Woman buried as man


#1

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#2

Hey, @beschizza , the link is wrong.


#3

What a despicable and abhorrent way to honor the dead. Glad that news of it is out there bringing attention to it. I’m just astounded at the family’s gall to do such a thing.


#4

Terrible that her friends didn’t get to pay proper respect. Shame on the family members that made that decision.

I don’t think I would have ever thought to put “make sure to bury me as a man” in my will, but maybe not being t/g I don’t need to think about those things. I will take extra precaution now though to specify the exact outfit I’d like to be wearing - I have some pranksters in the family that probably wouldn’t mind getting the last laugh…


#5

This brings to mind Wanda’s funeral from Gaiman’s Sandman:


#6

That is seriously fucked up.
Yes, make a will, and be very blunt and specific.


#7

[quote=“beschizza, post:1, topic:46871”]
Make a will.[/quote]

And make someone you absolutely trust your executor. It’s a shame too many transgender people lose family and “friends” when they begin transitioning. It’s bad enough that transgender people need friends and allies who will support them in life. They shouldn’t have to have someone who will give them the same support in death.

I wish I could say the same. It saddens me, but it doesn’t shock me.


#8

Funerals are, ultimately, not about the dead but the living. Her parents wanted to remember her in their (perhaps wrongheaded) way. Her friends can remember her in theirs.


#9

A final Fuck You from the family. Thanks Mom & Dad!


#10

I didn’t realize funerals served only one specific purpose. Shouldn’t they also be about showing respect for the departed? Apparently her parents didn’t think so. Because of their discomfort they decided to not only remember her as someone she wasn’t but to make her look the way she should look. Her parents couldn’t even acknowledge that she was a woman on her death certificate or in her obituary.

Sure, her friends can remember her the way they want, but her parents are making a real effort to make sure the official records reflect what they want rather than who she was.


#11

And in this case, her family got -quite literally- the last word. There’s enough legal bulls hit to wade through for gender outlaws, gotta add burial specs to the list.

(Honestly, a cremation would have been more respectful than this.)


#12

At least she got to live her life the way she wanted, and hopefully she was happy.


#13

True. As upsetting as this is, at least she was dead once ithappened and probably unable to know or care :person_frowning:


#14

Well, that’s not much of an at least. Maybe she never suspected her “family” would pull such a rude stunt (in which case, sure, lucky her for being too dead to care) but this is tantamount to desecration of a corpse. I, personally, would not mind if my corpse were dressed in a duck suit, bronzed, and mounted over the front doorway to NAMBLA headquarters (or maybe I would–note to self: update will), but most people would be fairly appalled at the thought that they’d have their gender switched to one contrary to their self-identification, put on display at Fisher and Sons Funeral Home (in a striped suit, no less!), and interred under the wrong name.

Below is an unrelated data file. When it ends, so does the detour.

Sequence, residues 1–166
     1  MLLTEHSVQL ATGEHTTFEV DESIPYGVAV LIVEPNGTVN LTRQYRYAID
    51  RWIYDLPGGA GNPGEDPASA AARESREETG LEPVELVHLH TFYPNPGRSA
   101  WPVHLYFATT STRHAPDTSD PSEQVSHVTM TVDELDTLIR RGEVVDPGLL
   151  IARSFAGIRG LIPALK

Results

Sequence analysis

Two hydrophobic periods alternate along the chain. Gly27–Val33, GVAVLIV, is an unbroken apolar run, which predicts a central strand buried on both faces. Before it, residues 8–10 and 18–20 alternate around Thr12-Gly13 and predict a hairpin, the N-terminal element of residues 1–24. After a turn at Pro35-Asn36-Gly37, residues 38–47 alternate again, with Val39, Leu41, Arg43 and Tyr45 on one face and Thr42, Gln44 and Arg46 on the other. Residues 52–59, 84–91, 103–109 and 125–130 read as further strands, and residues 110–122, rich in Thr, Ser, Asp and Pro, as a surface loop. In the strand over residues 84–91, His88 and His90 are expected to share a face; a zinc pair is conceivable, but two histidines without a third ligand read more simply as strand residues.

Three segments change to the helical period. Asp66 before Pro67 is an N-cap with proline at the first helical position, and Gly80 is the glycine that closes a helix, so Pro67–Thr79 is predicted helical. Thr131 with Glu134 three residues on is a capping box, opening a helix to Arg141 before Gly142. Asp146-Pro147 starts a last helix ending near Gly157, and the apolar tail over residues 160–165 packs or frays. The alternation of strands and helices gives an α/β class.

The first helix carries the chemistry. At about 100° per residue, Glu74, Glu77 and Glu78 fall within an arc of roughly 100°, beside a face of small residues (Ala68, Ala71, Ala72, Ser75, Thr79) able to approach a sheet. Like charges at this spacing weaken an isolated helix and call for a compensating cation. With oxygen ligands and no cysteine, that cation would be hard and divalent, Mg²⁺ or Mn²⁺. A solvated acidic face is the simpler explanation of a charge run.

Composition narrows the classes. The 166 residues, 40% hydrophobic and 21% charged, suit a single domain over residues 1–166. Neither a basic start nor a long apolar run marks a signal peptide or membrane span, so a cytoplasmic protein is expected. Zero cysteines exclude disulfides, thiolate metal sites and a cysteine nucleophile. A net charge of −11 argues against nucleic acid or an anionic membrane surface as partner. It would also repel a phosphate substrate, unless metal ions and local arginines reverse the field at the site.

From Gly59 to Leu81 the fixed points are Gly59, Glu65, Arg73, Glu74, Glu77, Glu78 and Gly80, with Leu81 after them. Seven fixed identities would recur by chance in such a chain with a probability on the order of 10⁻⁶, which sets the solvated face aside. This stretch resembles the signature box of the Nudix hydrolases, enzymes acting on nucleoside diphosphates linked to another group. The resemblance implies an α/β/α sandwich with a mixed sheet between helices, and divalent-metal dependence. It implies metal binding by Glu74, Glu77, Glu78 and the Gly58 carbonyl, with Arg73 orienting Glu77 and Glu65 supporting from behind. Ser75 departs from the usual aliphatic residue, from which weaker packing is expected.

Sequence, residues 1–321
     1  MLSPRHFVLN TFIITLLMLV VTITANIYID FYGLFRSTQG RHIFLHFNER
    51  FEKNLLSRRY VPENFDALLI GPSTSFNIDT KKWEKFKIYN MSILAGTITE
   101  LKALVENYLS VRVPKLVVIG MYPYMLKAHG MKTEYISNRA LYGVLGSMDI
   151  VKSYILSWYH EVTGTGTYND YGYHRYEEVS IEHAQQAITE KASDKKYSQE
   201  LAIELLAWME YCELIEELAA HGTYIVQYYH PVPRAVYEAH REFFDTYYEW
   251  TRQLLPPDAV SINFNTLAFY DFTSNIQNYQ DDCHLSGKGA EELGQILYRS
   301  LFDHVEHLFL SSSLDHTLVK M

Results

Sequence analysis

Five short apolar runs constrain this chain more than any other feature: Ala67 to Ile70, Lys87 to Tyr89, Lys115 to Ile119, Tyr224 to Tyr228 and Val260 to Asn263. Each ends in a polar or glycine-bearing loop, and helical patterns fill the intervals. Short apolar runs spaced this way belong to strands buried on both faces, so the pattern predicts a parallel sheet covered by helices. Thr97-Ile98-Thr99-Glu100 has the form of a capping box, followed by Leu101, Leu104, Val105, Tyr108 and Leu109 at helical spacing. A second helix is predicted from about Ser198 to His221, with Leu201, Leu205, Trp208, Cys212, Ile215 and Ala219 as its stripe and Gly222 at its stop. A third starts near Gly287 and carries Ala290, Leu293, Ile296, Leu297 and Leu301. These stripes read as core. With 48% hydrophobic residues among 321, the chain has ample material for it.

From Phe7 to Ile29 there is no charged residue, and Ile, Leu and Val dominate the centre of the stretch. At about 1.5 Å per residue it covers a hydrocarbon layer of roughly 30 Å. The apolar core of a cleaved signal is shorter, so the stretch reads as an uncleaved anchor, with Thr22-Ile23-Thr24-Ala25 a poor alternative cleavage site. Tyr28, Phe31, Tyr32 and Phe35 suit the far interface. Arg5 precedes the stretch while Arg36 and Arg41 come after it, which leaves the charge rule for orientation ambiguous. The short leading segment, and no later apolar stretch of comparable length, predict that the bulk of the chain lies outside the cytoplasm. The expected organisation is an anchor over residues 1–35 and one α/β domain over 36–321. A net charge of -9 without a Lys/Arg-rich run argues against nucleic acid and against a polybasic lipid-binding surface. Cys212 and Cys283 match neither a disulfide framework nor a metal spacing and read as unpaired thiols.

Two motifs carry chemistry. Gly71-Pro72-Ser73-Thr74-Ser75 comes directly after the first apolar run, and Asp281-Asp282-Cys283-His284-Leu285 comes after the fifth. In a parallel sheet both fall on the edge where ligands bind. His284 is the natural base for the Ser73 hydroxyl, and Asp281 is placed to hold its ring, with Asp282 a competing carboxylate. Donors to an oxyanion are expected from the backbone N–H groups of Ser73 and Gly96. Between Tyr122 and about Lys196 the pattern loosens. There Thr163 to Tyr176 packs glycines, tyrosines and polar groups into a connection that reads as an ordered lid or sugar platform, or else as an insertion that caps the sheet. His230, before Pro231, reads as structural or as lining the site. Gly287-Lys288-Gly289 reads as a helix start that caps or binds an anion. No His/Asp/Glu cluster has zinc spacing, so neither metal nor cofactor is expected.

And now plenty of other people with less-than-ideal relationships with their next-of-kin have one more thing to worry about.


#15

They can also serve as an insight into how much regard the living had for the life of the person who died. This isn’t a sad story so much because the family’s actions hurt Ms. Gable (she’s beyond hurt now) but because it’s an indication of how difficult her life must have been when she was still here.


#16

Transgender here, disinvited from my own mother’s funeral explicitly because I am transgender. Ultimately, transphobia is about silencing and making invisible variations from expected expression of gender, at times lethally so, sometimes banally, and almost always with a petty cruelty. Fuck you and any other apologists for transphobia.


#17

Yes, make a will, but you’ve got to have someone around who can enforce it in time. It’s a pretty narrow window any friend of hers was working with. It’s sad that her wishes weren’t respected, of course, but the best will in the world won’t do you much good for this stuff if you haven’t taken some time to really plan for the contingencies and have a trusted person who has the will to knock heads in an awful time for everyone.


#18

A private funeral is not the appropriate forum. That’s not “apologism,” it’s just basic decency.


#19

At which this family miserably failed.


#20

I think you should look up the definition of “basic decency”. You’ll find that apologizing for the actions of this woman’s parents (who, if they hadn’t already, abrogated the right to be considered “family” when they showed a total lack of respect for who she was) don’t fit within it.

And, as an act of basic decency, you can drop the pretense that your defense of this woman’s parents is appropriate.

Edited to add: You seem to have very specific views regarding what purpose funerals serve and what is and isn’t appropriate. I find it strange that, in your view, it’s appropriate for the parents of this woman to use her funeral as an opportunity to humiliate her.